Beating Menopause Fatigue – 5 Top Tips for Better Energy


Menopause fatigue is one of the biggest problems for women in the forties and fifties. Many women are completely crushed with tiredness and want to know if it’s “normal” to feel utterly exhausted during the menopause.

Unfortunately, it is a major problem for many women but it’s not something we should simply accept as being normal and therefore simply put up with.

Anecdotal evidence and research shows that insomnia, leading to fatigue is one of the most commonly experienced issues associated with the menopause and peri-menopausal period. Primarily this is caused by hormonal changes but other factors such as nutrition and exercise play a part.

Why is menopause fatigue such a big deal?


50% of women who are perimenopausal report sleep difficulties – trouble falling asleep, night-time wakings, being unable to get back to sleep and dropping off unexpectedly during the day.

Without restorative sleep, our bodies begin to malfunction. Our immune system becomes more compromised, leaving us more susceptible to infectious illness. Our organs cannot work efficiently leading to issues like heart disease and kidney and liver problems. The endocrine (hormone) system cannot regulate properly, exacerbating the menopause symptoms such as hot flashes, night sweats, weight gain etc. The brain is unable to fully rest leading to anxiety and depression.

It’s a tough time for many women and as a result, their families.

But much research is being done and there are lots of natural remedies that can help you get a decent nights’ sleep and wake with the energy you need to have a productive and enjoyable day. There are lifestyle changes which can make a significant difference too.


Menopause Fatigue

Here are 5 top tips for better energy during the menopause

  • Nutrition

You probably know the old saying “you are what you eat” – there really is no getting away from the fact that the better your nutrition is, the better your health will be. There are millions of articles every year about what constitutes a good quality diet but in truth, there is no one perfect diet. Each body is different and requires different nutrients in different quantities and frequencies for optimal balance. It can be hard to work out your optimal diet – a qualified nutritionist can be helpful.

To keep it as simple as possible avoid high fat, high sugar and high salt products. Minimise alcohol as this can cause sleep issues. Eat fresh or frozen vegetables, lean protein, healthy grains and plenty of water. There are some delicious vegan and vegetarian recipes now – it doesn’t have to be dull.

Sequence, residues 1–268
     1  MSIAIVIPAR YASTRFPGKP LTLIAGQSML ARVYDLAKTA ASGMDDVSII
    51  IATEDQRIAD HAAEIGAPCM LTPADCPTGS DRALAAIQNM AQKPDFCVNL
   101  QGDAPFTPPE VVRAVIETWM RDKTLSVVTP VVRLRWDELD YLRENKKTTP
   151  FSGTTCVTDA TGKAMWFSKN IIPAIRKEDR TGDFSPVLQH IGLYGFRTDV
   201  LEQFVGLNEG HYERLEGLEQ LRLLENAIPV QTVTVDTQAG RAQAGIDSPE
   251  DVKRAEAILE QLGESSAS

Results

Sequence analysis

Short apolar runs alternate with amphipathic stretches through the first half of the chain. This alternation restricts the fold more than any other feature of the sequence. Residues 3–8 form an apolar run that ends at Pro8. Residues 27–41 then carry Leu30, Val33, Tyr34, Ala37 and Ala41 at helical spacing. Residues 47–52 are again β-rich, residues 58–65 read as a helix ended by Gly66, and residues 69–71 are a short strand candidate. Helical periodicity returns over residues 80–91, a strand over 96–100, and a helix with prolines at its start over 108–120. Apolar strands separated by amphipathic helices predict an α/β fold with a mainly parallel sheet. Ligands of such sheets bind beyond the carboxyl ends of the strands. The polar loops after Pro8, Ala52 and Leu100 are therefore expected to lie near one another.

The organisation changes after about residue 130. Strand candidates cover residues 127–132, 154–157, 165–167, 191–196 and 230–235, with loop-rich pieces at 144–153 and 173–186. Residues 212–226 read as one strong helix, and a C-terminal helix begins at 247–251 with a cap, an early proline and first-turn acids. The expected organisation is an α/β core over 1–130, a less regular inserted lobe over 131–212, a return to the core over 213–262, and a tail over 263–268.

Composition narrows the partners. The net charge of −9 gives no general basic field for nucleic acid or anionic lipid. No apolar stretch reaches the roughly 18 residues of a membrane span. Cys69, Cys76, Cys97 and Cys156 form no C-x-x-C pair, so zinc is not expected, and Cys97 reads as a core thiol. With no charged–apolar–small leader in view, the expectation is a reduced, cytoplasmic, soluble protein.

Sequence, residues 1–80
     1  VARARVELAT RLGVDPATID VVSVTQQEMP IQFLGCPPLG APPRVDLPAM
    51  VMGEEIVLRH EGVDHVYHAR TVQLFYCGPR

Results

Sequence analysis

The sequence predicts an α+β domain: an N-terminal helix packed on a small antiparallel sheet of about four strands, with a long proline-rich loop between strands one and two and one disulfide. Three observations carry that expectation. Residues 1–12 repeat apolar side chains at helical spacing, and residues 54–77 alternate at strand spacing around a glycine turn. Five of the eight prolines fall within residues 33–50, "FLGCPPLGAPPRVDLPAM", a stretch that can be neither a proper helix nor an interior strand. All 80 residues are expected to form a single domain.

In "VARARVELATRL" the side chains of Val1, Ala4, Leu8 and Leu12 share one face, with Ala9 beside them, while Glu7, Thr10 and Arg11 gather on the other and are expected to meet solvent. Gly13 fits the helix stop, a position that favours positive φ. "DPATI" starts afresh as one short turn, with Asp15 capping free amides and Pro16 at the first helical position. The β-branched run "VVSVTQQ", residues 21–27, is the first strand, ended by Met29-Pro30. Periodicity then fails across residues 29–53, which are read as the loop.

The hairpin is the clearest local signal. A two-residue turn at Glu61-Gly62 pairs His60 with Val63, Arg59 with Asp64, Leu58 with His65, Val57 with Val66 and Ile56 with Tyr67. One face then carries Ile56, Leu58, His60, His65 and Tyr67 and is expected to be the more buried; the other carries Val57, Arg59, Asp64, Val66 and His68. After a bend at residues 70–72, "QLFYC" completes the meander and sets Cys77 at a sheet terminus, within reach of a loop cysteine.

• Exercise

We all assume more exercise is better, but this may not necessarily be the case. Over-exercising can cause fatigue, so again, it’s all about finding the right balance that works for you. A simple 30-minute walk in the fresh air will help to keep your joints supple, prevent muscle wasting and get your heart pumping a little bit faster without causing you to become over-tired. Listen to what your body is telling you.

  • Sleep Hygiene

Creating a relaxing atmosphere and routine at bedtime can make a huge difference to the quality of your sleep. If possible, declutter your bedroom, remove technology (including the TV) and ensure you have a supportive mattress and comfortable bedding. Have a wind-down routine in the evenings and try to go to bed at the same time each day – this helps your body to recognise when it’s time to make your sleep hormone melatonin. If you vary your bedtime, the hormone system gets confused. Listen to calming music or an audio book before bed or have a relaxing soak with our Luxury Bath Foam or indulge yourself with our Dream Team gift set containing So Sleepy Pillow Mist, Temple Balm and Unwind Hand Cream. The products contain lavender which is a proven sleep aid.

  • Stress Management

    • Anxiety is huge issue during menopause. Anxiety symptoms include heart palpitations, chest pain, restlessness and fatigue. Finding ways to manage your stressors is vital to maintaining optimal health. There may not be much you can do to reduce external stressors coming from your job or family but you can use techniques such as mindfulness and meditation to adjust how you respond to those stressors.

    •  Pacing

    This one is simple – don’t try to do too much. As we age, we cannot go at the same pace as we did in our teens and twenties. If you don’t pace yourself, you are likely to get fatigued quickly, leaving you disappointed and unfulfilled in life. Pacing yourself is a key skill to learn during the perimenopause so that you make the most of the energy you do have.

    I’m interested to know what you’ve found helps you navigate the choppy seas of menopause and puts you on the right course to a happy and productive life.

    Do let me know in the comments below.

    Until next time

    Michaela x